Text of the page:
The complaint against President's rule is that the words 'constitutional crisis' have often been interpreted to suit the interests of the ruling party at the Centre, especially if the parties in power at the Centre and in the state were different.

When then prime minister Indira Gandhi [Images] was in power dismissing state governments run by non-Congress parties almost became government policy.

The Justice R S Sarkaria Commission, set up to look into Centre-state relations, had recommended that President's rule be imposed only as a last resort.

And if recent years have seen a decline in the once common trend of dismissing state governments, it is because regional parties have become powerful at the Centre and thus, national parties can no longer ignore their sentiments.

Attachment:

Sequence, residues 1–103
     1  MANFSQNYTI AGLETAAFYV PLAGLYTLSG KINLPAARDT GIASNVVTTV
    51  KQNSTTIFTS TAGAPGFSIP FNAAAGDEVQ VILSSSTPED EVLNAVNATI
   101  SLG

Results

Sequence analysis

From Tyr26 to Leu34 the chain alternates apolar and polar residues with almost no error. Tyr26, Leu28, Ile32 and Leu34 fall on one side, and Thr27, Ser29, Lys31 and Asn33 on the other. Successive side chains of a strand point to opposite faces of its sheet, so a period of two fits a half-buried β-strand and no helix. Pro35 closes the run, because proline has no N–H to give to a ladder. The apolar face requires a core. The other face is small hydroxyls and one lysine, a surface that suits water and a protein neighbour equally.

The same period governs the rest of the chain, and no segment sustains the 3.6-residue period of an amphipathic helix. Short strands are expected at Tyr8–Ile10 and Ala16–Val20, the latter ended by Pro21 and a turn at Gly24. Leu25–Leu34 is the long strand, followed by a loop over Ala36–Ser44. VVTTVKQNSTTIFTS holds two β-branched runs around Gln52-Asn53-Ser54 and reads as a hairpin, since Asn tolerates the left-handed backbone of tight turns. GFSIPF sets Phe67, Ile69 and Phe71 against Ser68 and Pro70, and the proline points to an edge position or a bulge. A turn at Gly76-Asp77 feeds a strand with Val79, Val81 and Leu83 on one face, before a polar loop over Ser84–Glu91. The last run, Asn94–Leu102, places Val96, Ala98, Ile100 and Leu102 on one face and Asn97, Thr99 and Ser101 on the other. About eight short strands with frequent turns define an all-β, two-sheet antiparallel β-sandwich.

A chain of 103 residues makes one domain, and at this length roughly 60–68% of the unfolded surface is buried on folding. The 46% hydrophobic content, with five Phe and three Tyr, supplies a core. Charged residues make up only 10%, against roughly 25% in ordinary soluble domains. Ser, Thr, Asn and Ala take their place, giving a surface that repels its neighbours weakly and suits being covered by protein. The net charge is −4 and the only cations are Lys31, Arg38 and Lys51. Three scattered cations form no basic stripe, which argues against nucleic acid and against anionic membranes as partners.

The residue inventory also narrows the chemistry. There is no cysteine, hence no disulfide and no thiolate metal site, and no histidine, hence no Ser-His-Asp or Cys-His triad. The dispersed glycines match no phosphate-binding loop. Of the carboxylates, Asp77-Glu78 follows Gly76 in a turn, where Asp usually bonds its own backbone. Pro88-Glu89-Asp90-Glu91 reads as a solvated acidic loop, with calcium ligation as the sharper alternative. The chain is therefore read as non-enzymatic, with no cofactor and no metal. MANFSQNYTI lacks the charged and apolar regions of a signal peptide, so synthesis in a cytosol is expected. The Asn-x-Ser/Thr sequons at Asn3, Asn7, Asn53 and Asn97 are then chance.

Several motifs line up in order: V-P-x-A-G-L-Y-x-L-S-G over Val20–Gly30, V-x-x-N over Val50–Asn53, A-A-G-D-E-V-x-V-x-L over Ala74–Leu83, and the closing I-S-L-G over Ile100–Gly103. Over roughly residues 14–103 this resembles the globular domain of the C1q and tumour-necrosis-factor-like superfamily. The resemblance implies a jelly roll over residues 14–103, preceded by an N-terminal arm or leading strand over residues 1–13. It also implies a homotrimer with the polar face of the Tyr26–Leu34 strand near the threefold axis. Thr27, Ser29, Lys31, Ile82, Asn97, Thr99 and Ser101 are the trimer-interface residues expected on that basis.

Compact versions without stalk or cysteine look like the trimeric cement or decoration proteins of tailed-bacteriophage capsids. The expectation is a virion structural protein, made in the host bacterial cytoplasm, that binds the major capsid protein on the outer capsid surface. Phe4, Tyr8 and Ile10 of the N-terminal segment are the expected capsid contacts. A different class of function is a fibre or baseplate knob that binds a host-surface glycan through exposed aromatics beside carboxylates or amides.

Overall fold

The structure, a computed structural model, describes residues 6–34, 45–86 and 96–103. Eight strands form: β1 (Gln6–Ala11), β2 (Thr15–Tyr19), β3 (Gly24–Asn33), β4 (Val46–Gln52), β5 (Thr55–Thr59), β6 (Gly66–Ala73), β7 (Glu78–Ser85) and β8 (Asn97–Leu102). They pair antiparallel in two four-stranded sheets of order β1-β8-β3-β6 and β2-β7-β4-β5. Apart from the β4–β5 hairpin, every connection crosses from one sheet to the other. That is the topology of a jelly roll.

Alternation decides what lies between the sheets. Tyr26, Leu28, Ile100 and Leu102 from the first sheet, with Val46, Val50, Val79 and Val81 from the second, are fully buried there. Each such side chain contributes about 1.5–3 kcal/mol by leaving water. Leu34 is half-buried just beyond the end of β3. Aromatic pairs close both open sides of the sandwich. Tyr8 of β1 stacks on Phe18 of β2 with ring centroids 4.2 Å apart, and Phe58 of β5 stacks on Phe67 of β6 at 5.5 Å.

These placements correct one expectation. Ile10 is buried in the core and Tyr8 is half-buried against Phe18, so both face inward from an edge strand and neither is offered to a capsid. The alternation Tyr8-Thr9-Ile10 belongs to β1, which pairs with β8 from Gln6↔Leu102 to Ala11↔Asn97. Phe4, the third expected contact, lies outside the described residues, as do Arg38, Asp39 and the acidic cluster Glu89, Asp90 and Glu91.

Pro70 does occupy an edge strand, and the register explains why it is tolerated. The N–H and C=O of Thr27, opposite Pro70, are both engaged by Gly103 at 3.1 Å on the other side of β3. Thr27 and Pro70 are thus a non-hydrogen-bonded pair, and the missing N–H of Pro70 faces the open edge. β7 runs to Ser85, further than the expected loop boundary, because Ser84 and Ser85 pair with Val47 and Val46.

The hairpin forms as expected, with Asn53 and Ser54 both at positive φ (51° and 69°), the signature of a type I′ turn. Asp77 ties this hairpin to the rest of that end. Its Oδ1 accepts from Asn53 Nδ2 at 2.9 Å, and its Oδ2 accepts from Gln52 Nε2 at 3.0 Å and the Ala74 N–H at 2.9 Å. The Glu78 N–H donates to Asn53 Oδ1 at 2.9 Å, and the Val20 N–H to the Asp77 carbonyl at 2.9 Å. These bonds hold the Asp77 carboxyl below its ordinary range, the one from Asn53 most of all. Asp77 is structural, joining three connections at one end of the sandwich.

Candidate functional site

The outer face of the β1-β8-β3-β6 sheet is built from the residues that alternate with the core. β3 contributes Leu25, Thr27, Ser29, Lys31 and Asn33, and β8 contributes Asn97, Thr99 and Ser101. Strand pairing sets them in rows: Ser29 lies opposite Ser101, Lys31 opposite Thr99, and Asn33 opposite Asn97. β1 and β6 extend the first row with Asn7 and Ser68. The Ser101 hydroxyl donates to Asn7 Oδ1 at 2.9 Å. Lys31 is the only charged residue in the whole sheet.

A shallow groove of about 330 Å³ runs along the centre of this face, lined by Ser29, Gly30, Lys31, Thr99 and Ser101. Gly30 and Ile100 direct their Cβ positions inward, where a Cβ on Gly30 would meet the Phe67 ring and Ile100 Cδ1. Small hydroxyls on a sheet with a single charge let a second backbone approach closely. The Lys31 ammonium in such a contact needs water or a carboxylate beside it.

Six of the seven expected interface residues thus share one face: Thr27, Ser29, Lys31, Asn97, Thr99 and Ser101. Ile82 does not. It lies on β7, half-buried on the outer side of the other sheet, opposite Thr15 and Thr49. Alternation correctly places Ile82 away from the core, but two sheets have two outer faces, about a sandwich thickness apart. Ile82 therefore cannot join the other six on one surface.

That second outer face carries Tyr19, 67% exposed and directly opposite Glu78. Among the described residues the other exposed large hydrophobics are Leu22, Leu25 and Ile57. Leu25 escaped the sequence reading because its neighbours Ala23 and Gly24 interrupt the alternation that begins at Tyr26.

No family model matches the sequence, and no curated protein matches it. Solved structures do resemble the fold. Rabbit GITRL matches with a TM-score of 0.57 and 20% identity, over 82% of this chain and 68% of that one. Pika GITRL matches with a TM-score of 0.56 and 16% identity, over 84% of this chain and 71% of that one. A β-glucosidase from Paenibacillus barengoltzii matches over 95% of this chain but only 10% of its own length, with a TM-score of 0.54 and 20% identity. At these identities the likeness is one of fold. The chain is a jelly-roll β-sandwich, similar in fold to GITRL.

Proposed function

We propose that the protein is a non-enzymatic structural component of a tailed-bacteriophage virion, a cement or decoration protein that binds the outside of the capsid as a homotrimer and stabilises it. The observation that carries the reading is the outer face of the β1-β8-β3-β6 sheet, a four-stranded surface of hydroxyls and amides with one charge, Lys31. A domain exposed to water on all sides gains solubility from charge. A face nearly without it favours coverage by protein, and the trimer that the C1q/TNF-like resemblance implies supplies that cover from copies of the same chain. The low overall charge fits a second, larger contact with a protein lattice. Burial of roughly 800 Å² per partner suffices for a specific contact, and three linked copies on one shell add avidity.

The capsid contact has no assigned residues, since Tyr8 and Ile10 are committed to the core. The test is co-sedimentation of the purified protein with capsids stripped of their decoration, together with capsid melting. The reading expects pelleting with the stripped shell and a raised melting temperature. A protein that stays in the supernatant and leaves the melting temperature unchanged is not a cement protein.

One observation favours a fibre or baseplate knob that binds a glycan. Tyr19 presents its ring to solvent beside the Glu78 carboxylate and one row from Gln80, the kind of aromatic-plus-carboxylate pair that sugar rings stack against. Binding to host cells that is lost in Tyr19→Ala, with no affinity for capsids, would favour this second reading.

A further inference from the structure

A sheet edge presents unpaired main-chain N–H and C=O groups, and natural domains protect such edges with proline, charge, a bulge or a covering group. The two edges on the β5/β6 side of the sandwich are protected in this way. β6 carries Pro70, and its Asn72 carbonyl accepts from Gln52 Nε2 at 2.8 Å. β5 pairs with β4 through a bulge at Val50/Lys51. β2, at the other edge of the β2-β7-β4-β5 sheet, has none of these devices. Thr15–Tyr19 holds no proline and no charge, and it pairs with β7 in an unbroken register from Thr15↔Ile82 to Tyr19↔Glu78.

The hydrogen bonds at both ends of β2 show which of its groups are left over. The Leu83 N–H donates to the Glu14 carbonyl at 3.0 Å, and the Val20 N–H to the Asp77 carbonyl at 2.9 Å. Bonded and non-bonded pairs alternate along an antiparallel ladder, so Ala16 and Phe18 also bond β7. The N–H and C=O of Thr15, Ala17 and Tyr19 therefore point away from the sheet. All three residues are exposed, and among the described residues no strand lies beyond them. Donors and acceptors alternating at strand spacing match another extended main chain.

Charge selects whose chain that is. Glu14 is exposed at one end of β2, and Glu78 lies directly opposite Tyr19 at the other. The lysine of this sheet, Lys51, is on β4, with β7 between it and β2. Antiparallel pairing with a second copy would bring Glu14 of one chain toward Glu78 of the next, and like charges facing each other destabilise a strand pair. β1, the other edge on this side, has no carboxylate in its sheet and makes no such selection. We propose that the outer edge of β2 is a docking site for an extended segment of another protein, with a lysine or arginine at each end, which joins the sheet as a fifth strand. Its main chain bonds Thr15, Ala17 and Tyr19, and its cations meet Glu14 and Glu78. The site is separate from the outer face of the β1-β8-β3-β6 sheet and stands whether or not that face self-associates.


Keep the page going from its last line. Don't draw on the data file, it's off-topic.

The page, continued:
What is the Bommai judgment all about?

The judgment, delivered by the Supreme Court on May 11, 1994, defined the use of Article 356 and imposition of President's rule. When the then Congress government at the Centre dismissed the S R Bommai government in Karnataka in 1993, Bommai challenged the dismissal.

In a landmark verdict, the Supreme Court held that a state government could be dismissed only under extenuating circumstances, and laid down guidelines for such a dismissal.

Though political parties have flouted the Supreme Court norms, the Bommai case has made dismissing state governments and imposing President's rule a little more difficult.

How long will President's rule continue in Bihar?